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Tiller questions

Old 07-29-2019, 04:22 AM
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Default Tiller questions

Going to till my food plots in 2 weeks. Spraying the plots twice 14 days apart weeds were green and 2-4ft high before spraying. Soil is somewhat sandy. Question is will the 5ft wide tiller I am using behind the tractor clog up with weeds or will it cut/mulch them up pretty good since they will be dead(hopefully!) Plots are new, Green lake county Wisconsin. Thanks for any helpful info. Love the site and just joined! Lots of helpful info on here!
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Old 07-29-2019, 04:33 AM
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Yes, probably. But it depends on your tiller and how thick the weeds are there.

I would get in there with a brush hog or belly mower and cut it down as short as possible. This will help break up the weeds and help them to till into the soil better.

Since you've been spraying, hopefully they're mostly dead and tilling them in won't just spread them.

mrbb will have good input on this when he sees the post.

Good luck.
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Old 07-29-2019, 08:37 AM
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HAHA< I agree with the mowing, , mow that stuff while its still standing if you can, the chemical that kills it will hit the roots in a day or so
, so anytime after that you can pretty much mow it, longer the better, but before it lays down
heavy matted material on top will make SOME tillers struggle, depends on the HP of the tractor running it some things and quality of the tiller!
something you can do you MAKE your plot sites even better , IS< if SAFE
till the site into smaller squares, leaving material in small sections with a nice dirt barrier between things and burn them one at a time
just do it on a safe day, NO to low wind, (Looks like rain soon)and have some help handy in case anything flys!

I used to have a 55 gallon tanker sprayer with a wand that would help pout out anything SMALL
and the key here is SMALL squares, don't try burning large sections at a time, unless your willing to get your local fire dept involved, and MANY times they will , it gives them practice on fires!

its called controlled burns, and a major tool in habitat restorations and farmers been doing it for yrs to make lands more fertile
adds feed fertilizer/mostly potash, but it gets rid of all that material on top!

also NOT sure what your planning to plant, but some things you can also just burn down site(chemical burn down) and seed right thru it and use the material as protection from critters eating the seeds,
do so in a rain and most seeds will get seeded from he rain, no need to turn site over at all,
as turning over a site, you always turn over old seeds in dirt and then have them growing along with your desired new plantings!

sites don't always need to be tilled over or disc'd!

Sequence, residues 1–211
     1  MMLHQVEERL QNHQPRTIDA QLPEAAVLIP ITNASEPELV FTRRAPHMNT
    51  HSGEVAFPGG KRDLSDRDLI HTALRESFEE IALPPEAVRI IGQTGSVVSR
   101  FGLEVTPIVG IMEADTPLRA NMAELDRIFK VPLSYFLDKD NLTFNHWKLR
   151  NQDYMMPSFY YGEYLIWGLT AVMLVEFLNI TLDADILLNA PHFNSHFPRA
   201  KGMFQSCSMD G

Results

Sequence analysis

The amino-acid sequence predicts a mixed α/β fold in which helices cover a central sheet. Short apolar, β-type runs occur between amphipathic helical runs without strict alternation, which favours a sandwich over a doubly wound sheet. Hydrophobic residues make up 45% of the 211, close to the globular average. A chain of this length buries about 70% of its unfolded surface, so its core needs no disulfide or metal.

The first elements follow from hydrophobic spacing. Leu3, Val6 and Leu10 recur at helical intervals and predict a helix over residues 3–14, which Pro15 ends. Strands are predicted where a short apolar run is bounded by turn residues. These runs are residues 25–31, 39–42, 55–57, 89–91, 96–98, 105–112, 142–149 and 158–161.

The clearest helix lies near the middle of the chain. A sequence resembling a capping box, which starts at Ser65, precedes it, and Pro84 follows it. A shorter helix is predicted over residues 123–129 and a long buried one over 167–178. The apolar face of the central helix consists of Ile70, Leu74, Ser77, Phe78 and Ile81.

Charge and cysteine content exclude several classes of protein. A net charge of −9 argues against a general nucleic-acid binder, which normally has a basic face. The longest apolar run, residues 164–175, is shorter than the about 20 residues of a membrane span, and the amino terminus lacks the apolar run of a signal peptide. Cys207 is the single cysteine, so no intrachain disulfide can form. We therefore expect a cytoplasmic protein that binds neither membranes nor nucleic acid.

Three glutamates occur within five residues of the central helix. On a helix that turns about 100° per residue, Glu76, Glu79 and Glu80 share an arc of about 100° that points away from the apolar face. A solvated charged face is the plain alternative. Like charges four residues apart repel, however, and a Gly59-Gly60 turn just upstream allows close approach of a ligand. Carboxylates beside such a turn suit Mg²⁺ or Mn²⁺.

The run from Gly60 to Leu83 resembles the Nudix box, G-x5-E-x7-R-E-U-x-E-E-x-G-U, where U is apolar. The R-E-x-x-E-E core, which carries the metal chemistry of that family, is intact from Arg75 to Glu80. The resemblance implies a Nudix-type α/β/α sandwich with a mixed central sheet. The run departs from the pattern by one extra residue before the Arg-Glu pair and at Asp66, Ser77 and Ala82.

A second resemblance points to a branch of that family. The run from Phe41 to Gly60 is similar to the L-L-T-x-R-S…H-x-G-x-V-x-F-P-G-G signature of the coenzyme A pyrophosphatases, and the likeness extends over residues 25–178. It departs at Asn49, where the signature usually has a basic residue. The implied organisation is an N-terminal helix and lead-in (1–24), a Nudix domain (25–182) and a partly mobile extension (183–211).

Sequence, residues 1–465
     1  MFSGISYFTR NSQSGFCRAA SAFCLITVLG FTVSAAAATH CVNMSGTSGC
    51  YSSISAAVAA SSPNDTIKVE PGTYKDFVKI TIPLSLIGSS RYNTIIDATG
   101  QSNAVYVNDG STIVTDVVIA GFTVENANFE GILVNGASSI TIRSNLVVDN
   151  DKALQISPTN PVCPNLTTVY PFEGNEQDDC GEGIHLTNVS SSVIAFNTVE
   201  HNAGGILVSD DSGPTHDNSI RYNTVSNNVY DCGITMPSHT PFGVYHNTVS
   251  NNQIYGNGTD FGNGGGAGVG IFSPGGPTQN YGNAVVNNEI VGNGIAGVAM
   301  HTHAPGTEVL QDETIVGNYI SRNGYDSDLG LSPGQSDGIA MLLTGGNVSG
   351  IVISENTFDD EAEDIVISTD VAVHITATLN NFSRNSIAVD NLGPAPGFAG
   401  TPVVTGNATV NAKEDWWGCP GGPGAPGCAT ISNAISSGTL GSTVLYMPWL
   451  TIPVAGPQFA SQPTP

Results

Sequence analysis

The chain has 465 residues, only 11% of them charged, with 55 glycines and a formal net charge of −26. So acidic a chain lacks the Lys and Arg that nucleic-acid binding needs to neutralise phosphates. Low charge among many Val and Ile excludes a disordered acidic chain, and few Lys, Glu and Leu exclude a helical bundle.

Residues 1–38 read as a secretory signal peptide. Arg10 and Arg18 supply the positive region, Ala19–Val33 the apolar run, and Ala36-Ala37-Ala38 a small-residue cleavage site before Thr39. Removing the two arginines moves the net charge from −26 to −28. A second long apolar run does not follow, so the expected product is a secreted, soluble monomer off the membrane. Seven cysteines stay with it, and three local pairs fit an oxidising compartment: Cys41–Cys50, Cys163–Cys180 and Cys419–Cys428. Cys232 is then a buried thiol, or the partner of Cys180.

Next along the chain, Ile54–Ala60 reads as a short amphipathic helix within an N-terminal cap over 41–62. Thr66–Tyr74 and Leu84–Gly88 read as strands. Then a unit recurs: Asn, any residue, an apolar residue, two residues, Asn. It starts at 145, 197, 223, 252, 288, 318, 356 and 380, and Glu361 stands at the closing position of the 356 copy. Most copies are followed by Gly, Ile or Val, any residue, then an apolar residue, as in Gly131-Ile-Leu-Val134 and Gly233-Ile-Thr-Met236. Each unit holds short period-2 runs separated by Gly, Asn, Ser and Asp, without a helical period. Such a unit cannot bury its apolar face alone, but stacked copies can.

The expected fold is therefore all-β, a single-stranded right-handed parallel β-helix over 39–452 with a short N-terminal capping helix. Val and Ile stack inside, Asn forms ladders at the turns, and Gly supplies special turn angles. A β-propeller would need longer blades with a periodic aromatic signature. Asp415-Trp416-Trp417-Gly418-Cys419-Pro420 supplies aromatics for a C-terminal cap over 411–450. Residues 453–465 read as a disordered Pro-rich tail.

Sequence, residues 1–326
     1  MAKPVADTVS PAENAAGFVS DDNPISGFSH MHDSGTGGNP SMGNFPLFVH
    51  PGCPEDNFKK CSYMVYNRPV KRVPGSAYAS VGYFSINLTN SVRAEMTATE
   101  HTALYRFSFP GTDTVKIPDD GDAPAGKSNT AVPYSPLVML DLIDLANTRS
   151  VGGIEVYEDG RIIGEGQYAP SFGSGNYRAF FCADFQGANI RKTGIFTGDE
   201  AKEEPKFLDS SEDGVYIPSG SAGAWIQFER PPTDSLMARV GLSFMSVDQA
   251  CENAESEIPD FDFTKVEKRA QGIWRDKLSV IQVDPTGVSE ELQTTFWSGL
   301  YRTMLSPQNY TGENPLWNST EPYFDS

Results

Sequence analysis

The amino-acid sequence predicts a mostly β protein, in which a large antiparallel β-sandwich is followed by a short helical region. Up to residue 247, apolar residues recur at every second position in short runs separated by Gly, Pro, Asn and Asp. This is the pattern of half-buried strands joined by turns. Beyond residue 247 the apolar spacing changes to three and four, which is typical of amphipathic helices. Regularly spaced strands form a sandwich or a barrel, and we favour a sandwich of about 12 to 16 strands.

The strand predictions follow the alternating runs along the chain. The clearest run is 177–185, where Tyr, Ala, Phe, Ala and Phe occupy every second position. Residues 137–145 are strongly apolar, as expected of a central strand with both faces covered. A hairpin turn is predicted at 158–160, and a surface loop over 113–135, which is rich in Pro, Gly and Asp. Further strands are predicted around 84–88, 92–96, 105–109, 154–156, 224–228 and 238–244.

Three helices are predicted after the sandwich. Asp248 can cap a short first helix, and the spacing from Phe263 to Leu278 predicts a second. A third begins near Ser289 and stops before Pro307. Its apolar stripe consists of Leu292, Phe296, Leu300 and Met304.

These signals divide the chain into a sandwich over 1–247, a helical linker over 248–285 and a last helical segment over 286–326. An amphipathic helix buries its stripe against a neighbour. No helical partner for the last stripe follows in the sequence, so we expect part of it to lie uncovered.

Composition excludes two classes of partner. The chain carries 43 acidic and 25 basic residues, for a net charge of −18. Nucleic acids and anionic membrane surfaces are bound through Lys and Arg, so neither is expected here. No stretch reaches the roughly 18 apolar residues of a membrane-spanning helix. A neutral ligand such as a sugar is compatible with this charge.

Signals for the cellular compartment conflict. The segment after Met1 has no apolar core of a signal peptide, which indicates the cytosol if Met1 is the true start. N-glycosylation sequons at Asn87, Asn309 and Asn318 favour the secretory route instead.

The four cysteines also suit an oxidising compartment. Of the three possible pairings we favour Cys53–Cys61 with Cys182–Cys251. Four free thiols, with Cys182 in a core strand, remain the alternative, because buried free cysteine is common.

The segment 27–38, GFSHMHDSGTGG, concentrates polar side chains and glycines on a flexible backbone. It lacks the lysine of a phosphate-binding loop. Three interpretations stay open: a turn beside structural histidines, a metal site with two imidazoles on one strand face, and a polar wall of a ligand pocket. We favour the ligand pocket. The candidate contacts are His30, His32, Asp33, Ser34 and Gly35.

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Old 07-29-2019, 11:13 AM
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The use of fire would be awesome but not going to risk burning our property and the neighbors down. Going to have a co-worker come out and mow the plots for us for a couple bottles of vodka. Hopefully this will avoid any problems with the roto tiller in a couple weeks. Plan on planting a mixture with clover, alfala, chicory, radish, turnuips. Thanks for the tips!
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Old 07-29-2019, 02:07 PM
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I think I would skip the alfalfa seeds here for a fall planting, odds are against you getting any to grow in time IMO

but the rest will be fine!

I would also maybe suggest planting things in sections over just mixing all seeds together, and just seeding that way!
if that is your plan!
seldom to just mixing ALL things work out from my experience, some things grow taller faster and shade things out and then there just stunted and wasted seeds!
clover and chicory can be mixed together if wanted, and so can the radish, turnips(also can be called rape/ brassicia) are basically the same things! and as such mixing them in same site too will be fine!
but these things will shade out your other seeds(clover/chicory)

plus the clover /chicory are going to grow for a few yrs, where the turnips and?? are once and done plantings , needing to re do the sites the following yr,m
so why waste the $$$ on the clover and chicory seeds??
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Old 08-23-2019, 07:14 PM
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I wouldn't spray if I were going to use a tillage method that can also control vegetation. If your tiller cannot handle the vegetation, a shredder should. Then the tiller should be able to make short work of the residue and what is left.

I have an 80" tiller and a decent-sized tractor, and I have yet to find anything it won't handle. Had a bunch of little mesquites and a whole lot of amaranth growing in a lot that had been packed like concrete from dry weather and the pounding hooves of cattle. It chopped up everything, including a PVC line I thought was buried a lot deeper.
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Old 09-27-2019, 11:13 AM
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Food plots are coming in pretty good and deer are liking them.
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Old 09-27-2019, 11:14 AM
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some more pictures.
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